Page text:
In a letter to Cabela’s employees in December, Morris also noted that Cabela’s sales have been underperforming over the last few years amid a challenging retail marketplace, inferring that some tough decisions on jobs would have to be made.
On the last page of the letter, Morris detailed “the realities of a competitive retail market and challenging outdoor/hunting segment.” He noted that more than 1,000 outdoors-related stores had closed in recent years and singled out Cabela’s as an underperformer, noting that the chain’s sales have been in decline since 2013 and the business was likely to lose money in 2017.
He wrote in part that Cabela’s “has been operating under the weight of an extremely heavy corporate payroll that is over two times greater than that of Bass Pro Shops to conduct relatively the same volume of business.”
The letter also noted that an additional $10 million has been allocated to extend benefits and pay for employees who will lose their jobs.
In February, Cabela’s employees who are over 50 years old and worked for the company at least 10 years were given the option to receive bonuses of up to $40,000 on top of two weeks of severance pay for every year of service as part of a voluntary buyout plan. Longtime employees were also being offered lifetime discount cards for Bass Pro and Cabela’s stores.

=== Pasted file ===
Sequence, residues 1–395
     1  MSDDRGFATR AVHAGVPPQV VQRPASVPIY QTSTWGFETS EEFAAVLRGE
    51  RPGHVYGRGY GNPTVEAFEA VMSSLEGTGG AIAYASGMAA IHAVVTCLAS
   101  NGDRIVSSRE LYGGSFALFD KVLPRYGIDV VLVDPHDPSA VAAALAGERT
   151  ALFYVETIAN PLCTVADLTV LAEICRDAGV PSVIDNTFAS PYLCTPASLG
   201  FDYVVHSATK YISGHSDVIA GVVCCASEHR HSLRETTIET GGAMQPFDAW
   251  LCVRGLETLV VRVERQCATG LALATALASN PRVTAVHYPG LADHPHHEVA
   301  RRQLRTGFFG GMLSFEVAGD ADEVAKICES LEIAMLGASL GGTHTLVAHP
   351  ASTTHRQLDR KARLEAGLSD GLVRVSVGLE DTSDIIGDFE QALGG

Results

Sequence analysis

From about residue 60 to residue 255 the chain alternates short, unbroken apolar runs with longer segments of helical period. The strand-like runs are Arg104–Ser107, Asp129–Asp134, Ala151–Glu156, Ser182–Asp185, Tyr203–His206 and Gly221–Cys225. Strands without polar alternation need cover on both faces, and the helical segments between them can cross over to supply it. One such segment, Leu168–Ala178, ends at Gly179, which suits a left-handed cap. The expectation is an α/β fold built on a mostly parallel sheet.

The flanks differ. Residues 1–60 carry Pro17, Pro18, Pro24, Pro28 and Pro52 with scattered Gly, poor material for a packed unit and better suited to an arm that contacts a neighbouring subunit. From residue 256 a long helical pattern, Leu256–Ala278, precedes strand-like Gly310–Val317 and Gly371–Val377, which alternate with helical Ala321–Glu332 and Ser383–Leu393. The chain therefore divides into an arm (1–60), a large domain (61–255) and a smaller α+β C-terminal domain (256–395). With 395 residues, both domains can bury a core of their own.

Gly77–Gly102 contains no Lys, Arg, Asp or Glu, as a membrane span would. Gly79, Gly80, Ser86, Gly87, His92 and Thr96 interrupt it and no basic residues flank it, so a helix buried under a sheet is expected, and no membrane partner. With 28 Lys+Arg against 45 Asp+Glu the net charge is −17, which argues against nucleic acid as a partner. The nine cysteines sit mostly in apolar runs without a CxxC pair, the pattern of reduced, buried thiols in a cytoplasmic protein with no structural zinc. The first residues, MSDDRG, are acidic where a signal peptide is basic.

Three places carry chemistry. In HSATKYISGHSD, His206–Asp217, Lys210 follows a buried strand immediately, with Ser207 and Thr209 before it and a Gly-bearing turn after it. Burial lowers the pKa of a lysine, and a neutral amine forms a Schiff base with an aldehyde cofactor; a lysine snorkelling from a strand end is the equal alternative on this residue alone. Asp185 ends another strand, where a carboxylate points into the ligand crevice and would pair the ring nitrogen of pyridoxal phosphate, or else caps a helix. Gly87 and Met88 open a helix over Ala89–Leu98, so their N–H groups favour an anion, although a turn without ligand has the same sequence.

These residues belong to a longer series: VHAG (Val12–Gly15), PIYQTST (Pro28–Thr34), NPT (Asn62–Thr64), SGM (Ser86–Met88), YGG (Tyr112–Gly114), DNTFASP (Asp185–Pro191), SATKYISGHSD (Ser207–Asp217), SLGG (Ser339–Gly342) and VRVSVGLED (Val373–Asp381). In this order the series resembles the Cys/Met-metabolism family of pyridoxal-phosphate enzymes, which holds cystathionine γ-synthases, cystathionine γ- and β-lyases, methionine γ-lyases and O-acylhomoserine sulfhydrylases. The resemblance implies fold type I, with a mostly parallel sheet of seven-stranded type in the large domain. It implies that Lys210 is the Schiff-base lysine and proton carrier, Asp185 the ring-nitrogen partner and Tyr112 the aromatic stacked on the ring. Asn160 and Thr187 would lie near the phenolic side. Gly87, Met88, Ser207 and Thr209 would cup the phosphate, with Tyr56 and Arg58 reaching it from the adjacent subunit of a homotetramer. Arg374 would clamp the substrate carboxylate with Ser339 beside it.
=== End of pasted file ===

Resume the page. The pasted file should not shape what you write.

Prior to Thursday, Bass Pro had only indicated it planned to keep Cabela’s information technology division, which employs 125 people, as well as a “significant” part of Cabela’s accounting operations in Sidney. The distribution center will also will remain open, as well as the loc.
Three Cabela’s veterans will move to Springfield as part of a 12-member team that will guide the merged company. They include Ralph Castner, who had been Cabela’s chief financial officer, and will serve as CFO for the combined company. Sarah Kaiser, director of diversity and talent management at Cabela’s, will become senior vice president of human resources for the combined company and Sheila Dormann, vice president of accounting and controller at Cabela’s, will become vice president of finance for White River Marine Group, one of Bass Pro’s subsidiaries